The flooded site of Theatre Calgary's Shakespeare in the Park, in Prince's Island, and their new site at Mount Royal University (right). Photos by Christopher Loach and Kristian Jones.

The flooded site of Theatre Calgary’s Shakespeare in the Park, in Prince’s Island, and their new site at Mount Royal University (right). Photos by Christopher Loach and Kristian Jones.

It all started around dinnertime on the evening of June 20th. Some photos posted on Twitter, taken from the pedestrian bridge leading into Prince’s Island Park, showed our Shakespeare in the Park trailers, storage shed, Romeo and Juliet set and even the pink porta-potty nearly fully submerged by the flood waters that were starting to consume much of the island. A few staff from Theatre Calgary quickly made their way down to the park and pulled yet-untouched sound equipment off the island, but it was too late for much of our infrastructure. Thankfully, our costumes and swords were still in the workshops back at Theatre Calgary.

The next day, a small group of Theatre Calgary employees gathered and decided that, even though Prince’s Island would be off limits for some time, it was important to look for a new location for Romeo and Juliet.  It was a very delicate decision to make, but we felt that the several weeks of hard work our emerging artists had undertaken in rehearsal might bring some happiness and a sense of normalcy to very trying times in Calgary and surrounding communities.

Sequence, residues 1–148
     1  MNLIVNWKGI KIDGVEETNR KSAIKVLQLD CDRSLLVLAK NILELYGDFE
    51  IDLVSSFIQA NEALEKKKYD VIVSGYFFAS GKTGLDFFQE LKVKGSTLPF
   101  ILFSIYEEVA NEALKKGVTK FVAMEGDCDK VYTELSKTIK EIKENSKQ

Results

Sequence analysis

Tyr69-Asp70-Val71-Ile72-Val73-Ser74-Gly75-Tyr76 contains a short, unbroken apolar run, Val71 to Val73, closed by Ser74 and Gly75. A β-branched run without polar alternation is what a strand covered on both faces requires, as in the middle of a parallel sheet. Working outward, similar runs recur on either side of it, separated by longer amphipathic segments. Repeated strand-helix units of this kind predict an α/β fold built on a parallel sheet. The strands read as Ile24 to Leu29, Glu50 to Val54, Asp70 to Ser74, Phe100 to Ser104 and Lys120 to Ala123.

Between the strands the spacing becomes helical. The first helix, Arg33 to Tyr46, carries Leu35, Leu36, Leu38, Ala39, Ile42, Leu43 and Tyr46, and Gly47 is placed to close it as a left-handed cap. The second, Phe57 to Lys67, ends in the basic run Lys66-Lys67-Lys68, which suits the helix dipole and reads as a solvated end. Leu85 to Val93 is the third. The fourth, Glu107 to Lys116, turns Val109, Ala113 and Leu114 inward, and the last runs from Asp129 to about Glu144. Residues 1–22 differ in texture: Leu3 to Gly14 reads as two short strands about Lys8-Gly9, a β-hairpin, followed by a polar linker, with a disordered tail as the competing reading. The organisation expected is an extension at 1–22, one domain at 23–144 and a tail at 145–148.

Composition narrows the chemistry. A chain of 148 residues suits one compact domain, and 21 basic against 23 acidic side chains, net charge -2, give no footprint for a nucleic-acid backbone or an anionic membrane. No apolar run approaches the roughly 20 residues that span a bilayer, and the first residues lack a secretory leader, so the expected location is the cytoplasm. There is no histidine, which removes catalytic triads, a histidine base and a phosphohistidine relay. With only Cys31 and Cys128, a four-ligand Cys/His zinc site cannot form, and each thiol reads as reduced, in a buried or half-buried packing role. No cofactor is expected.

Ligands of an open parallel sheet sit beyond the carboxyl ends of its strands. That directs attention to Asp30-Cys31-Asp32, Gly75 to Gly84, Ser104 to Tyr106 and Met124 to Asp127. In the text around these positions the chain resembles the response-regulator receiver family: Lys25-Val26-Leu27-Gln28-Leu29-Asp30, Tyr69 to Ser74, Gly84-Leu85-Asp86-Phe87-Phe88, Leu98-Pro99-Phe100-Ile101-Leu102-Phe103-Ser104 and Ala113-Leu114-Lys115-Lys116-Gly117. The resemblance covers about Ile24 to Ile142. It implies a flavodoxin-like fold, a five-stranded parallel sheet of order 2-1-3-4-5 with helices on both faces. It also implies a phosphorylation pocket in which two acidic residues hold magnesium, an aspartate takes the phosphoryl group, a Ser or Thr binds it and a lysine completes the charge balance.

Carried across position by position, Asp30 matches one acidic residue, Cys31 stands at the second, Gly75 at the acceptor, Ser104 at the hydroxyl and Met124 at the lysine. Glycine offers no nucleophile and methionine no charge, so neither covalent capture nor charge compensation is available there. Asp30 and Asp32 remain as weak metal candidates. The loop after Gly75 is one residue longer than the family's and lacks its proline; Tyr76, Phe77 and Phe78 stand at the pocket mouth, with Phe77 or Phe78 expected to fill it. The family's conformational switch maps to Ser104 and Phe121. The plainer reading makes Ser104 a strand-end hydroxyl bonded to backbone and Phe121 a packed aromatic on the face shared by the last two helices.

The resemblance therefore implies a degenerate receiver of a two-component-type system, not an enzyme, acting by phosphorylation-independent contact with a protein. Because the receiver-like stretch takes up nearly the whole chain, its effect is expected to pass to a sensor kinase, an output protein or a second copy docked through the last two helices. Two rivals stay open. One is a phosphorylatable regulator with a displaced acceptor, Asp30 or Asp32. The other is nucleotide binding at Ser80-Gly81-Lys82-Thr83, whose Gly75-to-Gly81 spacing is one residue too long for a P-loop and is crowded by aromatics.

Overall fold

Keeping the show outdoors and maintaining an in-the-park feel were very important to us. Our producing partners, Mount Royal University, were approached about using their beautiful TransCanada Outdoor Amphitheatre. MRU were delighted to provide the new home for the production and, since July 4th, Romeo and Juliet has been onstage in the new space with a modified set. The encouragement we’ve received from the citizens of Calgary has been tremendous, and now we’re thrilled to bring Shakespeare to the mountains. Enjoy!

Christopher Loach is the Director of Communications at Theatre Calgary.

 

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Sitting pretty in the Shaw Amphitheatre

A late June afternoon in the Shaw Amphitheatre. Photo: Rita Taylor.